TitleThe Paul Mellon Centre for Studies in British Art, Institutional Records
Admin/Biog HistoryThe establishment of the Paul Mellon Foundation began in 1959, with a chance meeting between the English art historian, Basil Taylor and Paul Mellon, the American philanthropist and art collector. A shared interest in Stubbs and sporting art saw Taylor soon become Mellon's adviser as he began to build up his collection of British Art. By 1961 Mellon had become interested in the idea of a publishing venture that would 'promote a wider knowledge and understanding of British Art'. A non-profit Charitable Trust was established under the wing of the Bollingen Foundation (another of Mellon's charitable Trusts), its primary aim being to publish a series to be entitled 'Studies in British Art'. It was called the Bollingen Foundation for British Art and was officially incorporated as a Company Limited by Guarantee on 13 June 1963. Basil Taylor was appointed Director. Shortly afterwards, having experienced financial complications operating as a Limited Company, the Foundation was reformed as a Trust and on 4 May 1964 received Charitable Status. Financial control was transferred to the Old Dominion Foundation and the initiative renamed The Paul Mellon Foundation for British Art. It's Board of Trustees consisted of James Byam Shaw, Sir Herbert Read, Charles Wishaw and Basil Taylor himself. The Foundation operated from rented premises at 38 Bury Street, St James'.

The first results of the Foundations activities were a series of short supplements on British Art, which appeared in Apollo magazine. Publishing academic titles quickly became a primary activity and from 1965 it produced at least one book annually. [Copies of all Paul Mellon Foundation publications can be found in the Paul Mellon Centre Library]. The Foundation also administered a modest grant programme supporting both individual scholars in their research and providing finanical support for mounting exhibitions. It endowed two lectureships at the Universities of York and Leicester and, employing an in-house photographer, began to establish an archive of black & white photographs.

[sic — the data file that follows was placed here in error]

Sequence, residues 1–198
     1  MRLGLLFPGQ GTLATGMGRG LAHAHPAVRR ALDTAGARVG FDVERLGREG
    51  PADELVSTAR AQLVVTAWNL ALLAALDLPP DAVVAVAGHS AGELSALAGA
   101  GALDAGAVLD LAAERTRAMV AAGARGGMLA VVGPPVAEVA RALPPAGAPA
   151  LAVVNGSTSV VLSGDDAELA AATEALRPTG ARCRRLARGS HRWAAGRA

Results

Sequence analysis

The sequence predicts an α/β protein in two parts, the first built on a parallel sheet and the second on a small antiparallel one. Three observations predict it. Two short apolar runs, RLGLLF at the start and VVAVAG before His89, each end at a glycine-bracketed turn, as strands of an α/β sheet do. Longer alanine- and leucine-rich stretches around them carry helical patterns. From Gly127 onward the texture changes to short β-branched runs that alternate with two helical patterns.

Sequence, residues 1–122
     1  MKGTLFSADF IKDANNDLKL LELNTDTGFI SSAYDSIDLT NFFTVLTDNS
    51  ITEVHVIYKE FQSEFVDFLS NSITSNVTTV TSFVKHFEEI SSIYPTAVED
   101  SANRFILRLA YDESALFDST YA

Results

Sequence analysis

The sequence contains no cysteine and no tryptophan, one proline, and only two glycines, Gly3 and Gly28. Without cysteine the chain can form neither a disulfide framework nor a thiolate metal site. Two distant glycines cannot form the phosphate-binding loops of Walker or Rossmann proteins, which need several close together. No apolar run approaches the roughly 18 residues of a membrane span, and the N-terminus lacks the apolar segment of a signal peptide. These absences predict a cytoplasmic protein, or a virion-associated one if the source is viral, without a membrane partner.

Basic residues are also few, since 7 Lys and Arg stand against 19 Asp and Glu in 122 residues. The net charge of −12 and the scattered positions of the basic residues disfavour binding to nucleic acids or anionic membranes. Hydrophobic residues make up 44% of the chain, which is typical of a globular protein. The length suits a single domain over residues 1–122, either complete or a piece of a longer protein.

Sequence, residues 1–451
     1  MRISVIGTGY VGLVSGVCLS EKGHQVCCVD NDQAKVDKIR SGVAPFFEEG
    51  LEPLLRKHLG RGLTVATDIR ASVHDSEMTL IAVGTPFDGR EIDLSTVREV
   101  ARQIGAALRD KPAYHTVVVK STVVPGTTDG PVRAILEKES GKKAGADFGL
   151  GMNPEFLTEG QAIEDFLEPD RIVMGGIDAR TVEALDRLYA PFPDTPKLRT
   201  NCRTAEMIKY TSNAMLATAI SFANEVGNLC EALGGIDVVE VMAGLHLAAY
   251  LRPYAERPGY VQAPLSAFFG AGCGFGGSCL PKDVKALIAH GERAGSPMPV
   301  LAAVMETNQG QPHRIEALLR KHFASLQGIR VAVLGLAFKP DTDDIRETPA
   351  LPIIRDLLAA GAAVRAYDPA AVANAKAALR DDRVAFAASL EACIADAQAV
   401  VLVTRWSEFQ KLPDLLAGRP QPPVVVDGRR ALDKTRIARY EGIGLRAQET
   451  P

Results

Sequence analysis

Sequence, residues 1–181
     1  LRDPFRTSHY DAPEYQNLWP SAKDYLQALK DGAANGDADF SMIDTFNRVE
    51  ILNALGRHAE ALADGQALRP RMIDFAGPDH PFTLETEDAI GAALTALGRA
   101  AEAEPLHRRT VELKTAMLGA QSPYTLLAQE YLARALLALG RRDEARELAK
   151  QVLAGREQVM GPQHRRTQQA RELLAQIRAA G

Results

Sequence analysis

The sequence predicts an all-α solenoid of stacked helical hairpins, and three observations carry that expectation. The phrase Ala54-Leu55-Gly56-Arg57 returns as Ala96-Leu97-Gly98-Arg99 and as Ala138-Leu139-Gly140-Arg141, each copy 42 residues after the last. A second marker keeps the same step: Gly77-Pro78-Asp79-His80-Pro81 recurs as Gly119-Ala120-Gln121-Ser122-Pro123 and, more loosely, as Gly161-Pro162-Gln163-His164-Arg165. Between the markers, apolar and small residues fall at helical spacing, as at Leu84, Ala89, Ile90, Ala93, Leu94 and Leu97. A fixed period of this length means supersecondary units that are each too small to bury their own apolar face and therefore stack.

The development of the Foundation was closely followed in the press and in 1967 Taylor published a progress report in the Contemporary Review. In this report, he drew attention to what was to prove the Foundations nemesis, a proposed multi-volume Dictionary of British Art. Various young scholars had been engaged to carry out research for the project and by 1969 progess on the first volume had been considerable: major researchers and contributors had been appointed; surveys carried out and detailed research undertaken in specific regions of the UK. However, plans for the Dictionary proved too ambitious.

In 1968 partly due to his weakness in managing the Foundations financial resources and partly due to his own ill health, Taylor resigned as Director. The planning of the Yale Center for British Art, designed to house Paul Mellon's collection of British Art was progressing apace, and it was decided that a London outpost for this institution would be highly desirable. Paul Mellon himself was concerned that the Foundation had become an open-ended financial commitment and in early 1969, asked Yale University if it would be prepared to take over the London establishment if he donated $5,000,000 for the purposes. On December 9th a conference was held at which Yale determined that, primarily for financial reasons, they could not commit to the Dictionary project (the estimated cost of completing the work was over £1,000,000). Later that month, Yale received Mellon's gift and the Foundation closed.